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Why are abstracts so important in academic writing?

How do you identify interesting articles? You probably skim abstracts and only read full articles if the abstracts are interesting, well-written and relevant, right?

An effective abstract is one of the most powerful tools you can use to grab readers’ attention, so it should provide all the information readers need to judge whether the study is important and relevant.

What do you put into your abstract?

As an abstract plays a such crucial role in the academic world, it is of utmost importance for researchers to ensure that the most relevant information is presented in the most effective format.

The memory aid IMRAD can help you to focus on the 4 key sections of an academic abstract:

Your abstract may be structured using the IMRAD headings listed above, or unstructured in a single paragraph, but either must contain essentially the same information within a strict word limit – usually 100 to 250 words.

Information to be included in each section of your abstract

Let’s talk more about each of those sections individually.

1. Introduction

You should try to briefly state the problem addressed by your study, usually in three sentences at most.
You need to cover the following points:

  • Why the study is important.
  • How the study aimed to solve a problem.
  • What the research question was.

2. Method

You should briefly describe how the study was conducted. In most cases, an effective method section should cover:

  • Definition of the sample and materials.
  • Data collection method.
  • How the data was analysed.

3. Results

In this section, you do not need to write everything you have gleaned; try to include only the most important or relevant results. You should keep in mind that the results mentioned here can be referenced to highlight the relationships identified in answering the research question you present in the introduction section.

4. Discussion

In the last section of an abstract, you need to state the implications of the findings. Try to ask yourself the following questions when preparing for this section:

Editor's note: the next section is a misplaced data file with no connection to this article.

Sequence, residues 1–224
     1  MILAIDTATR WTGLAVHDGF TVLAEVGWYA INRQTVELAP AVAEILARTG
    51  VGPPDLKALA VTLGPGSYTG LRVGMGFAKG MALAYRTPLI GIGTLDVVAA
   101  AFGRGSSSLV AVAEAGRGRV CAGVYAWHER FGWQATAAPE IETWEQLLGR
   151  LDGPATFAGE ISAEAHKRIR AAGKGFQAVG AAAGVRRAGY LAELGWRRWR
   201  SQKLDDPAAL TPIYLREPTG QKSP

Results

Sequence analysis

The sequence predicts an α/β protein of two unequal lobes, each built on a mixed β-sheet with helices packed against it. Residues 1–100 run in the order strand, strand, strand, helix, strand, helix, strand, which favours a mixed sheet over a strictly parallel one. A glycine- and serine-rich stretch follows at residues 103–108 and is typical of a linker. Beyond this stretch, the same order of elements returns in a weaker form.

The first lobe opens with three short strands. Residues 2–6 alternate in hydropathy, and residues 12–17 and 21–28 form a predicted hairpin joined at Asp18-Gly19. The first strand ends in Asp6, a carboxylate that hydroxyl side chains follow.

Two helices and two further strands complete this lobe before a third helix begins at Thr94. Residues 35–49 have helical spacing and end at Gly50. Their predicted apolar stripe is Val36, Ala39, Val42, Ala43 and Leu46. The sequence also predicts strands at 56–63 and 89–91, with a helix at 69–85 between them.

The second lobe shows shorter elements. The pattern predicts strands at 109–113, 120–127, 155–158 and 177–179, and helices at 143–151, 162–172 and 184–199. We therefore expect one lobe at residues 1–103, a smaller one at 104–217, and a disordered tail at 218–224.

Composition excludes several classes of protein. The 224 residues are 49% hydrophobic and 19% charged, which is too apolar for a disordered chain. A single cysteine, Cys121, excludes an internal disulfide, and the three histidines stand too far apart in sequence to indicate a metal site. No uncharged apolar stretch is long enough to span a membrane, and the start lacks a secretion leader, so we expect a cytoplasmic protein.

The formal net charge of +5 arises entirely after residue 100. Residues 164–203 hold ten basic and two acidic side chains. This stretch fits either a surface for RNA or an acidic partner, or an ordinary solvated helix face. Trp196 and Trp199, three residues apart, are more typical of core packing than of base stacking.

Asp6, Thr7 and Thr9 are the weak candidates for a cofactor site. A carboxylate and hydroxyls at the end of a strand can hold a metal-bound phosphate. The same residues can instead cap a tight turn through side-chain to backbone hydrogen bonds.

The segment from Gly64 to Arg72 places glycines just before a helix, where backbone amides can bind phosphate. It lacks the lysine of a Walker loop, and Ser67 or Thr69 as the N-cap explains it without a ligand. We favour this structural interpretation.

• What is the theoretical significance of your findings?
  • How could your findings be implemented in practice?

Last but not least, be sure to end your abstract with a strong conclusion!

Common bad practices to avoid

Other than following the advice given above, it is always helpful to be aware of bad practices.

Remember you should NOT:

  • Cite other work if it is not directly related to yours.
  • State anything that is not in your main text.
  • Use technical terms or jargon not understandable by a general readership.
  • Use abbreviations unless terms are very long and repeated often – if you must do so, be sure to define abbreviations the first time you use them.

And one final, very practical piece of advice: check carefully, get others to give feedback and revise your abstract until it can’t be improved any more!

Author Profile

Dr Rachel Baron
Co-Chief Editor & Managing Editor (Social Sciences)
Rachel first joined us as a freelance editor in 2001, while completing her PhD. After spending a few years as a post-doctoral researcher and then lecturing in psychology, she returned to us in 2010 and focused her career on academic editing. She took on the role of Assistant Chief Editor in 2018, and became co-Chief-Editor in 2020. Unable to leave academia behind completely, she also teaches Psychology at an English-speaking university in Italy, where she is now based. With extensive experience in both academia and publishing, Rachel has an excellent overview of both the client and editor sides of the business.

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